Samsung to use 5000mAh LG batteries in the Galaxy S11+ for the first time


The Galaxy S11 series is very likely to have much longer battery life in aggregate, compared to its S10 series predecessors. The reasoning behind this speculation is not only that it will probably run on more efficient processors than the ones we have now, or that Samsung will use a newer generation more frugal OLED display tech.

While both of these are true, the Galaxy S11 may have better battery life than the S10 simply because the eventual battery capacities indicate that the packs will be much larger. The battery of the eventual Galaxy S11e, or whatever Samsung calls it, leaked packing 3730mAh, against a 3100mAh battery in the S10e.

The regular S11 is said to boast the Note 10+ battery of 4300mAh or the Galaxy A71's 4500mAh unit, depending on whose rumors you choose to believe. In both cases, that's way above the 3400mAh in the S10 model. As for the Galaxy S11+, today Korean media reiterates that it may pack a battery close to the 5000mAh mark, like the Galaxy M30


The reasoning? Well, the 120Hz displays and 5G versions of the S11 series are going to be battery hogs, so Samsung will have to up the ante in the endurance department. Also, Huawei, and even, surprisingly, Apple with the 11 Pro Max, are eating its lunch in the flagship battery life department.

That huge 5000mAh or so battery pack will be supplied by LG, it turns out, in addition to whatever Samsung's own SDI subsidiary can muster. "LG Chem currently mass produces the cells for the up-and-coming Galaxy phones from its Nanjing plant in China," tipped industry sources.


That's explicable, given that LG Chem is the world's largest lithium-ion battery producer by capacity, but also marks the first time that LG batteries will be used in the Galaxy S-line. Samsung is obviously content with the job that LG did with the batteries of the Note 10 series, and has tasked it with the initial S11 series supplies, too. 

We already told you how Samsung has arrived to this drastic bump in capacities - by using a custom PMP packaging method for the cells that reduces the size of the wrapping significantly, and allows for either smaller packs with the same capacity, or way more juice content in the same battery size that is in the S10 series.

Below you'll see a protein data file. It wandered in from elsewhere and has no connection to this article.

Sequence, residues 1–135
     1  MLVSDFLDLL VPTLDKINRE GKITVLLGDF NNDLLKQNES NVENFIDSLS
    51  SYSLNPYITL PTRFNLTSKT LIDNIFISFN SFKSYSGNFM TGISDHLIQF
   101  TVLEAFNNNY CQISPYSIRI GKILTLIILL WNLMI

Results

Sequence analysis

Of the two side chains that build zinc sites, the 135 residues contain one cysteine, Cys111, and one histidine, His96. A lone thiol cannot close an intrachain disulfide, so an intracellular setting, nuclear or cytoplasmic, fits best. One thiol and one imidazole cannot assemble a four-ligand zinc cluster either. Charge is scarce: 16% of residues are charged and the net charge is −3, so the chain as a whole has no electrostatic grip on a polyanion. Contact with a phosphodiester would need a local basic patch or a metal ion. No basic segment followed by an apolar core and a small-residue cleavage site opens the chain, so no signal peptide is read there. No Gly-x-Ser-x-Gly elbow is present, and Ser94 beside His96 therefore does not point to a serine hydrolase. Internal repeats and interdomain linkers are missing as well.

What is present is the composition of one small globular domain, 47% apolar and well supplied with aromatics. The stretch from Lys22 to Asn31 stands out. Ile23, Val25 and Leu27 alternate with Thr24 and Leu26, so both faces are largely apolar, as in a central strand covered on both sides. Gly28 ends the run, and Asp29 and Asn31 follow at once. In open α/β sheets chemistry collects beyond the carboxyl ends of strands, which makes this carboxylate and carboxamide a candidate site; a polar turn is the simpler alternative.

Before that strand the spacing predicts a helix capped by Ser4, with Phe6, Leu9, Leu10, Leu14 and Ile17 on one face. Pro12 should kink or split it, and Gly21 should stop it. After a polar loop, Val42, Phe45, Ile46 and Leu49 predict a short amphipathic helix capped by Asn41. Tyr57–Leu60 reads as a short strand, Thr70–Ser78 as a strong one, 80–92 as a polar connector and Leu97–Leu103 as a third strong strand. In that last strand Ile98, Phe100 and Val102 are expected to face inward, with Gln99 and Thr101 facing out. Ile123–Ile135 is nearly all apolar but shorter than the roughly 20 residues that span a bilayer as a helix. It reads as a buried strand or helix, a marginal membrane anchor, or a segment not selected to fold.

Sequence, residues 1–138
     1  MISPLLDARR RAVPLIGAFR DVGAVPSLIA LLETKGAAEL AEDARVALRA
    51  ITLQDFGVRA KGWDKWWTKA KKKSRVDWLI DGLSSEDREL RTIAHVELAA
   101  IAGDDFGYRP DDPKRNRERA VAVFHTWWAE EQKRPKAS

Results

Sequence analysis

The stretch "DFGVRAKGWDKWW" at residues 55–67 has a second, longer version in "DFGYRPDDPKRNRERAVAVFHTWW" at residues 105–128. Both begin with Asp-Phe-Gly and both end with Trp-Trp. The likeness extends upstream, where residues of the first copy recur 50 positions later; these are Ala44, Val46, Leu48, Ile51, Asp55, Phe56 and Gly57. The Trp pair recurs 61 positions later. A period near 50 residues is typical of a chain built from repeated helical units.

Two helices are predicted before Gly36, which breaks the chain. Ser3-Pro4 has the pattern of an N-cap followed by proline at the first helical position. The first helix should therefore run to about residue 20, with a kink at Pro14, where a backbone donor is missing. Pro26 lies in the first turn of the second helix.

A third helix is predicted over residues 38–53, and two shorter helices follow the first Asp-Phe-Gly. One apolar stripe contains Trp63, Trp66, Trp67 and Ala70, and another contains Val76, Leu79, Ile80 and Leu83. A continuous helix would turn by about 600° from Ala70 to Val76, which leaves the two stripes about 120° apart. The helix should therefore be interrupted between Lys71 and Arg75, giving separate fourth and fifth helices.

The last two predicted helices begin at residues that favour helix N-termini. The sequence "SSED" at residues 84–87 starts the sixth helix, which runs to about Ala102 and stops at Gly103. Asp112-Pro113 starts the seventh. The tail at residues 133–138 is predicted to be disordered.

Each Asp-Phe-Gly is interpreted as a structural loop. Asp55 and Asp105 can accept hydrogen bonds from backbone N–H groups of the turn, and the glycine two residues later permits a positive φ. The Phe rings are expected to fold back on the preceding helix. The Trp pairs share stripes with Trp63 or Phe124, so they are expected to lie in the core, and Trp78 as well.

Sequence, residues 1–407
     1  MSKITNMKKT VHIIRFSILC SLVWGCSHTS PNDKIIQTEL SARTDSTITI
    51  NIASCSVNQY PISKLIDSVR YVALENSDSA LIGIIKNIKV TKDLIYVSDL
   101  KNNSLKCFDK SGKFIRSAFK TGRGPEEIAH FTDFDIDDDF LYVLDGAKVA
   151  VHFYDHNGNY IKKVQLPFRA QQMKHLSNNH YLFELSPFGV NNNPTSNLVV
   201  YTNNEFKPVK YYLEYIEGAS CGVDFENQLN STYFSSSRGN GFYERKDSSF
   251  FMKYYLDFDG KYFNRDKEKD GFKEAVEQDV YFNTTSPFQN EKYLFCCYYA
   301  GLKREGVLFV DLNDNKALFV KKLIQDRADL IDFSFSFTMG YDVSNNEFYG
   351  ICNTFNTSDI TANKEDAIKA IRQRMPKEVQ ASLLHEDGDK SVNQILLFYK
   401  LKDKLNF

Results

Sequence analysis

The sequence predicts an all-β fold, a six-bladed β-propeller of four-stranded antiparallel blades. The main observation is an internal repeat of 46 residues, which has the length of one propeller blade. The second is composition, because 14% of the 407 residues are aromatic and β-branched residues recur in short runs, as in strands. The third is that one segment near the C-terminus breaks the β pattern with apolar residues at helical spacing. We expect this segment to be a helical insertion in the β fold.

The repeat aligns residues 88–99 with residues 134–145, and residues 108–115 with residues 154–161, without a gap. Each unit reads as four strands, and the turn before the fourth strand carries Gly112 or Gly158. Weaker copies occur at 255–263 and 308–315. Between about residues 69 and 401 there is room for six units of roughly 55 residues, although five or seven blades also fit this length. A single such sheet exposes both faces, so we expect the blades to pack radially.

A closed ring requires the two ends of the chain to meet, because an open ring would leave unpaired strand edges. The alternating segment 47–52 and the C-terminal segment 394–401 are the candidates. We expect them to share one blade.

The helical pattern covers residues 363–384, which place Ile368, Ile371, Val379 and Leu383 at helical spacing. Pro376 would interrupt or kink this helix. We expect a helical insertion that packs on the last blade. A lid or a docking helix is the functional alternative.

The same firm that is supplying said PMP modules to Samsung for the S11 models, will also be supplying Apple, eventually for its iPhone 12 series, so 2020 is shaping up to be the year of the battery life bump, even for high-end handsets with high-res displays. Fingers crossed.

Related phones

Galaxy S20 (S11e)
  • Display 6.2" 1440 x 3200 pixels
  • Camera 12 MP / 10 MP front
  • Processor Qualcomm Snapdragon 865, Octa-core, 2840 MHz
  • Storage 128GB + microSDXC
  • Battery 4000 mAh

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9 Comments

3. shield

Posts: 892; Member since: Sep 12, 2015

LG 5000mAh? Wau LG V60, G9 need this battery.

4. sleepypandaeyes

Posts: 412; Member since: Apr 12, 2015

Considering a potential 120hz display, battery life may be worse then the s10 plus

6. Well-Manicured-Man

Posts: 731; Member since: Jun 16, 2015

120hz Display would be worth it. Believe me. Of course anybody that can live with lower hz can switch it to 60Hz and enjoy amazing battery life.

8. Epicness1o1

Posts: 329; Member since: May 30, 2013

I have a 144hz monitor, I cant go back, If I buy the s11 with 120hz, f*ck batetry life

11. sleepypandaeyes

Posts: 412; Member since: Apr 12, 2015

I'm glad I held out for the s11 plus instead of getting the s10 plus

13. vincelongman

Posts: 5817; Member since: Feb 10, 2013

Yep, and most reviews report 90-120Hz causing about a 10-20% difference in battery life These batteries are roughly 15-20% more efficient Plus more efficient SoC, LPDDR5, newer gen OLED, ...

9. Ikechukwu

Posts: 264; Member since: Oct 03, 2011

This is nice to see. Might check out the s11+ if this isn't all false

10. kplayon

Posts: 70; Member since: Mar 02, 2018

Rather have 90 hz display and 5000 maH battery until battery gets advanced for phones

12. domfonusr

Posts: 1103; Member since: Jan 17, 2014

I've never had a truly terrible experience with an LG Li-ion battery, but I've never had a truly great experience with them, either. Almost every LG phone I've ever owned has had some issue linked to the battery - either a battery that heats up a lot during charging, a battery that loses a large chunk of capacity very suddenly after just 6 months, or a battery that bulges and is then difficult to fit into the phone and still get the battery door closed. In each case, the flaw was not fatal to the phone or its use, but it still affected how things worked in a somewhat derogatory way, and left me with a bad impression of the batteries in these LG phones. Perhaps, by now, LG has solved these issues; however, the damage is already done, even though I've seen worse issues (very rarely, though) with batteries from some other brands that surprised me, like Nokia for instance. Still, I like LG overall, and I would not hesitate to go back to Nokia, either. Even Samsung has had their own battery debacle on at least one occasion. Just the same, I find that I am leery to hear that Samsung is going to source their flagship smartphone batteries, for the next cycle of Galaxy S handsets, from LG...

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